Thousands Return to North Syria After Russia-Turkey Deal

The UN had warned that an all-out on Idlib, where three million people live would trigger a humanitarian catastrophe and one of the worst bloodbaths of Syria's war writes

Thousands of people who were recently displaced by violence in northwest Syria have returned home following a Russia-Turkey deal that averted a regime offensive on the last major rebel stronghold, Syrian opposition activists said Wednesday.

The United Nations said that in the first 12 days of September, over 38,000 people were internally displaced by an intense Russian-backed regime aerial bombing campaign in Idlib and neighbouring provinces.

Most of them headed toward the border with Turkey, packing already overcrowded camps there, the UN Office for the Coordination of Humanitarian Affairs said.

It said over 4,500 are estimated to have spontaneously returned to their homes shortly afterward when regime bombardment stopped.

The Britain-based Syrian Observatory for Human Rights said that some 7,000 people have returned to their towns and villages since Monday, when Russia and Turkey announced the deal.

Syria-based opposition activist Yazan Mohammed said the flow of people back to their homes started days before Monday's deal was announced between Russia and Turkey as residents were expecting it.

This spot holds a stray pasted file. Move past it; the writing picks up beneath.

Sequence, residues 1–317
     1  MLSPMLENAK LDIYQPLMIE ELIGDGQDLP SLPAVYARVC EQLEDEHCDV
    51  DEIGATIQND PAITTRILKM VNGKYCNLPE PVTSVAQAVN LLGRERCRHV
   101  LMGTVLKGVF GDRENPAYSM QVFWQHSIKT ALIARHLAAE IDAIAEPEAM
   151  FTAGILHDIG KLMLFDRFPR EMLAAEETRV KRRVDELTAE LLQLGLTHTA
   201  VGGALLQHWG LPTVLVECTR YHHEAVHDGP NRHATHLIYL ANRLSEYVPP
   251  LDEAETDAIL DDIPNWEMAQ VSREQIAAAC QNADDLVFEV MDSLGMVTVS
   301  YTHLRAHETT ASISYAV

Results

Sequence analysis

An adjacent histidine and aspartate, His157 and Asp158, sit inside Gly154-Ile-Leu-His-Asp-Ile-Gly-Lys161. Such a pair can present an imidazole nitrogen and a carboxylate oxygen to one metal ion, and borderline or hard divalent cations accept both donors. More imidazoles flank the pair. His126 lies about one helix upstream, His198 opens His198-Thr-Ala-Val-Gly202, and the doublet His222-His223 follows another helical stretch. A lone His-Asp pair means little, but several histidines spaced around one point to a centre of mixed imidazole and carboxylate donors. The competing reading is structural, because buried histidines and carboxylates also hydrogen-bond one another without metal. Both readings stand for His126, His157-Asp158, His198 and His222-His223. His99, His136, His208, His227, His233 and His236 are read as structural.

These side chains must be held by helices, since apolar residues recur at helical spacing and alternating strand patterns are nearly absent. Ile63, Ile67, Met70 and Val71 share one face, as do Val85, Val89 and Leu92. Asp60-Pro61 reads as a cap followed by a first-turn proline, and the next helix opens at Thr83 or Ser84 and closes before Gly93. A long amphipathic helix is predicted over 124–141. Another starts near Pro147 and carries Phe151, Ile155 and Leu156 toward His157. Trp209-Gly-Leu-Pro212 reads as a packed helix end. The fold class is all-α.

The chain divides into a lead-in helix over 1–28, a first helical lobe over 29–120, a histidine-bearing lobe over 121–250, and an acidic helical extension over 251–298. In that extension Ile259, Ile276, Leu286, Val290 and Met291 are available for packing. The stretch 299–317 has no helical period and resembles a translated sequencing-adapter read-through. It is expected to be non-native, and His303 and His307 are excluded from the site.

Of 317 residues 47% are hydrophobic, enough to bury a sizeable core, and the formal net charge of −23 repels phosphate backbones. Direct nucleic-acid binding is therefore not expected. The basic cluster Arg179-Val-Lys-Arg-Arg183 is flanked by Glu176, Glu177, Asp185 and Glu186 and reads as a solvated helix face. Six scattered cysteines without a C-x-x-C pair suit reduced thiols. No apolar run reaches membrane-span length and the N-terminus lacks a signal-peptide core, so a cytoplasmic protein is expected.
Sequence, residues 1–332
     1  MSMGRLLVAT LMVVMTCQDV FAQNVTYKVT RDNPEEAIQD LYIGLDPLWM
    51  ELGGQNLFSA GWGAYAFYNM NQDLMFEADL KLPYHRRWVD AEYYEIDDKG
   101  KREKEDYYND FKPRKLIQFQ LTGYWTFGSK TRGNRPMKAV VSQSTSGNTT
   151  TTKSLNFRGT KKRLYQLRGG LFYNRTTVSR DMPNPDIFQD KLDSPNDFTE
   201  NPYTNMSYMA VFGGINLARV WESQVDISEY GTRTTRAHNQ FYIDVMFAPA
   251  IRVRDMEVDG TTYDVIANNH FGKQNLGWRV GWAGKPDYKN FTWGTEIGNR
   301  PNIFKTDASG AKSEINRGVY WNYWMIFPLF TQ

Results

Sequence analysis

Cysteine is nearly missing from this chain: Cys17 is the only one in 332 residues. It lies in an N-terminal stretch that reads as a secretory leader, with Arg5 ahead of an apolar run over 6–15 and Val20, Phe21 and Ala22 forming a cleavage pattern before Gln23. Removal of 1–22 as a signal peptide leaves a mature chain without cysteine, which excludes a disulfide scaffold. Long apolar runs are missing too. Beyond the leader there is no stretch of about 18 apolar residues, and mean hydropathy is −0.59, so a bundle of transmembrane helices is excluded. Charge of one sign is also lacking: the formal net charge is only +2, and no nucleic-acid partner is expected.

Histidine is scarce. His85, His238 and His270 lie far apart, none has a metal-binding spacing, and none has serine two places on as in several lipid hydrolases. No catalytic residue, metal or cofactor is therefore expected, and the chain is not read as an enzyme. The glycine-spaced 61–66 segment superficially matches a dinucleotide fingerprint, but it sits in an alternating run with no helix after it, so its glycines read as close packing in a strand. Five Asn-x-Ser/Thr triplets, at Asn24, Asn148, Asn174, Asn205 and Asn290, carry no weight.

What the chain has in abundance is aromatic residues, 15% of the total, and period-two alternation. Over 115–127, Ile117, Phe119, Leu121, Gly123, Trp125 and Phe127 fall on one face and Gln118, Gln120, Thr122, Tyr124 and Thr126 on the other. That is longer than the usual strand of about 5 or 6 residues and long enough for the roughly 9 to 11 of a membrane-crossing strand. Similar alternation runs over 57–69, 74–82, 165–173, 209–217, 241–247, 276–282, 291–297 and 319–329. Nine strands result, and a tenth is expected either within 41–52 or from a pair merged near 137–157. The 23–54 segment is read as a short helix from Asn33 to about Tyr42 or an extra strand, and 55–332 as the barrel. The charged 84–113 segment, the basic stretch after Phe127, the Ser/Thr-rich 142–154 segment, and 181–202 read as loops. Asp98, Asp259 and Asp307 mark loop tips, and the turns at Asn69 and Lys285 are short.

The demilitarized zone will be established by 15 October and be 15-20 kilometres deep, with troops from Russia and NATO-member Turkey conducting coordinated patrols.

Turkey's Foreign Minister Mevlut Cavusoglu said the agreement would allow civilians and Turkey-backed anti-regime rebels to remain in the demilitarized zone and "retain light arms."

Some rebel groups in Idlib said they feared the deal would pave the way for a massive attack.

UN Secretary General Antonio Guterres said the agreement to create a demilitarised zone in Idlib "should avert a full-scale military operation and provide reprieve for millions of civilians", a UN statement said.

The United Nations had warned that an all-out assault on the province where three million people live would trigger a humanitarian catastrophe and possibly one of the worst bloodbaths of Syria's seven-year war.

Responsibility for the information and views set out in this article lies entirely with the author.

Recommend article

Sender's Name:
Sender's Email:
Receiver's Name:
Receiver's Email: